In an effort to gain approval for their $6.3 billion proposed marriage to Staples, Office Depot announced last month it would close about 400 stores. While that move could certainly help the merger process, it appears that federal regulators are less worried about retail sales at physical stores, and more concerned about their contracts to provide supplies to large corporations and businesses.
The Boston Globe reports that the two companies could face more costly concessions than just closing a few hundred stores when it comes to gaining antitrust approval from the Federal Trade Commission to walk down the aisle.
Instead, the FTC is reportedly looking more closely at how a combined mega-office supply store could restrict competition when it comes to commercial customers restocking paper, pens and other necessities for the workplace.
Staples and Office Depot are currently the top two office suppliers in the U.S. contract business, with the next closest company being W.B. Mason which serves only select regions of the U.S.
Analysts believe that in order for the Staples/Office Depot merger to gain approval, the larger of the two chains – Staples – would have to divest a significant portion of its contract division, including distribution centers and certain client contracts.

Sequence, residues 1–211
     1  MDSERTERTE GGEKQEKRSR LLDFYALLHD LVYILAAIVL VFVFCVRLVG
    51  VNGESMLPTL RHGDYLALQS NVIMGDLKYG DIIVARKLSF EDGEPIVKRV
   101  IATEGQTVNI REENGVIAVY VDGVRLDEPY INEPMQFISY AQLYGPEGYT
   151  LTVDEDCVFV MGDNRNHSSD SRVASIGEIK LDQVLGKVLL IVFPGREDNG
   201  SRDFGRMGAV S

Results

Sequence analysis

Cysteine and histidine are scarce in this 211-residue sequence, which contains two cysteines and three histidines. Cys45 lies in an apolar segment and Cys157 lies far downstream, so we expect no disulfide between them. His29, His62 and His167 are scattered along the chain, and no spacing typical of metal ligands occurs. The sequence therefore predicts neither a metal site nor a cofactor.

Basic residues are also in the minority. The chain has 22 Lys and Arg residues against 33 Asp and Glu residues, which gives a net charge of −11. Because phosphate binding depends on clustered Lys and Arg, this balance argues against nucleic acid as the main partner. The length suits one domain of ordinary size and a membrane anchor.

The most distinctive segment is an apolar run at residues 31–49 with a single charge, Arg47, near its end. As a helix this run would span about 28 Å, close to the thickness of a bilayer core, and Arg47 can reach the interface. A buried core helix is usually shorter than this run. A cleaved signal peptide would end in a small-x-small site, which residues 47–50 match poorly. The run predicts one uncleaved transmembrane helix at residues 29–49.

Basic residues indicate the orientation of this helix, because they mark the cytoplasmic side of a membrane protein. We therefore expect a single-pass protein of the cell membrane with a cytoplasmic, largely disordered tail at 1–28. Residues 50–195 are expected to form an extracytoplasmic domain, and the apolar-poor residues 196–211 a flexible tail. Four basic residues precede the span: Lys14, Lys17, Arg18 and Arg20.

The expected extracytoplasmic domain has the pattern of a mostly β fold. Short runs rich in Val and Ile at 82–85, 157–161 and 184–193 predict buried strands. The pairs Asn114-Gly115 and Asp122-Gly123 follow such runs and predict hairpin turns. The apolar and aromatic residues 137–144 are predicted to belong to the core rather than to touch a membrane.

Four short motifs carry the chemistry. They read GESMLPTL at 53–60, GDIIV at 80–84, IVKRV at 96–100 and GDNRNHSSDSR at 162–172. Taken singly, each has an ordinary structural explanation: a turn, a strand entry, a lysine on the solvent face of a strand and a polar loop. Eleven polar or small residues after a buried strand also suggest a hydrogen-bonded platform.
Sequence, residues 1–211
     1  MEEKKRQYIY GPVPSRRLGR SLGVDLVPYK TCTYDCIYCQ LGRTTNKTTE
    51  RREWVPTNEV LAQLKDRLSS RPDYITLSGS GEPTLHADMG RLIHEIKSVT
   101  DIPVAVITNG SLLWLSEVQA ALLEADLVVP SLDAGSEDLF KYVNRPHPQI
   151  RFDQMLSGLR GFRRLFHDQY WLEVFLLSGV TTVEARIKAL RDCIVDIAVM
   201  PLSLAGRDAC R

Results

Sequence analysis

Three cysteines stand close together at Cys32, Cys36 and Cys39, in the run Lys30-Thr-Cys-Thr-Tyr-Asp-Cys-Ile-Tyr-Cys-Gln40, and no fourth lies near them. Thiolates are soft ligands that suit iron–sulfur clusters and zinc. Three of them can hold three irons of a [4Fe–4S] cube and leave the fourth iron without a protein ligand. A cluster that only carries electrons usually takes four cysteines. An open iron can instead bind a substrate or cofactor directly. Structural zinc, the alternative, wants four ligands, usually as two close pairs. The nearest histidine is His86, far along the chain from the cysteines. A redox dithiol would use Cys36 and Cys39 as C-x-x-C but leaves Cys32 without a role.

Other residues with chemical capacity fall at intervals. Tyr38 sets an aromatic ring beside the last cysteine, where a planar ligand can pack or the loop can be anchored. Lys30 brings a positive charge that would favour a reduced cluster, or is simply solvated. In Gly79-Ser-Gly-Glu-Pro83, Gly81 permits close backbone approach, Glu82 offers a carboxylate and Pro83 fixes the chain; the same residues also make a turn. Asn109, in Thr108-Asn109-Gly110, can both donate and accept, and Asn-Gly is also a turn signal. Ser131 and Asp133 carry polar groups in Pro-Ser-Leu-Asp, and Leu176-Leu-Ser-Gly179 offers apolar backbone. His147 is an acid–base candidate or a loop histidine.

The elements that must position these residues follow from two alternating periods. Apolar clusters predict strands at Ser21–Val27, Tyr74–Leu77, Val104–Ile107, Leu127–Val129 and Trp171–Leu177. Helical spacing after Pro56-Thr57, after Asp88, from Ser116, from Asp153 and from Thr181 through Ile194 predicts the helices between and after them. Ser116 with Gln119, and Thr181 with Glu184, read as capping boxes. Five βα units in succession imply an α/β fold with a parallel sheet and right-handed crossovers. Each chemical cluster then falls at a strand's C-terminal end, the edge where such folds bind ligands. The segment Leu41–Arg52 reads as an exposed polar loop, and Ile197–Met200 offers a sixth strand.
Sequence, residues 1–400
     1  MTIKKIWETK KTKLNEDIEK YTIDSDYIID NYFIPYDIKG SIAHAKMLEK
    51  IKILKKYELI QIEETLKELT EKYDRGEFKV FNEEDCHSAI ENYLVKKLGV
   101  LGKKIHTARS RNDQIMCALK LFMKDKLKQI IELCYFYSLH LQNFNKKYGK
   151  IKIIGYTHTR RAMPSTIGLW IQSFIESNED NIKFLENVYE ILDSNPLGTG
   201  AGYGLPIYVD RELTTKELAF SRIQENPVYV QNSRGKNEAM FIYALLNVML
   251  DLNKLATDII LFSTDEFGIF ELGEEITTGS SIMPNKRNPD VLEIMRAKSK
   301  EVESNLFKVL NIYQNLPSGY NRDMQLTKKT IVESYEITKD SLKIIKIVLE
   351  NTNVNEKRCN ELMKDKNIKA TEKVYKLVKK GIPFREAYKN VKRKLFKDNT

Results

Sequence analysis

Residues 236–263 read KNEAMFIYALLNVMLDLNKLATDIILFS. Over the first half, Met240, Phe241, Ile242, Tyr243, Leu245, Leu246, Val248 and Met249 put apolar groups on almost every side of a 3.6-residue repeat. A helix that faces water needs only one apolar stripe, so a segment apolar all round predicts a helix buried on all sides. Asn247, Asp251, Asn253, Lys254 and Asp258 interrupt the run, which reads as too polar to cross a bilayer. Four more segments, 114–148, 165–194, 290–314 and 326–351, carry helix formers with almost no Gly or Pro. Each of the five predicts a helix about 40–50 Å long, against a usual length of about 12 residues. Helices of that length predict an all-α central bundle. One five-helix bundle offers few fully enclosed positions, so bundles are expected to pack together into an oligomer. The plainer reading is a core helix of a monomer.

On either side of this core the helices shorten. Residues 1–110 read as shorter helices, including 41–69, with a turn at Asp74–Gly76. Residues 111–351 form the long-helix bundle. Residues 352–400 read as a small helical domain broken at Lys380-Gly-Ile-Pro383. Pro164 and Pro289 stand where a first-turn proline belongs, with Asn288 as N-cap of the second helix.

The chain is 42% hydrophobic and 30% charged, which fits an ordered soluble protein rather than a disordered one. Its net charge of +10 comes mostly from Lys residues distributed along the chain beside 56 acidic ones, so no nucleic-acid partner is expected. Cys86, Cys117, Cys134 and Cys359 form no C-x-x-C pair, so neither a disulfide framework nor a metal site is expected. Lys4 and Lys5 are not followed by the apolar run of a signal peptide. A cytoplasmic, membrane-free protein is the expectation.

“To cure the anticompetitive threats, you’d have to divest operations to create a national competitor,” Randy Stutz, associate general counsel at the American Antitrust Institute in Washington, tells the Globe. “You’re talking about giving up extremely valuable assets and huge numbers that almost make the deal not worthwhile at that point.”
While Staples declined to comment on the possible antitrust issues to the Globe, CEO Ron Sargent said in an investor conference Wednesday that the merger was “on track.”
In a quick address to contract business, Sargent told investors that nearly half of Staples deals with large companies involve products that are outside the realm of traditional office supplies.
“So, if you start to look at the market as beyond office supplies, which is what we do, obviously the market gets a lot bigger and our share gets a lot smaller,” he said.
Office Depot declined to provide comment to the Globe about potential contract antitrust issues.
Citing people close to the matter, the Wall Street Journal reported earlier this week that the FTC has stepped up its scrutiny of the deal by seeking sworn legal declarations that could be used if antitrust enforcers decide to challenge the deal.
The Commission currently has until mid-October to decide whether to approve or challenge the office supply merger. However, that deadline could be extended.
Staples and Office Depot first announced their plans to walk down the aisle back in February, after receiving significant pressure from shared investor Starboard Value in December.
The two companies – which have faced significant competition for office supply sales from online companies like Amazon – previously tried to tie the knot 17 years ago, but those efforts were thwarted by the federal regulators.
Staples’ merger with Office Depot faces antitrust questions [The Boston Globe]
FTC Intensifies Antitrust Review of Staples-Office Depot Merger [The Wall Street Journal]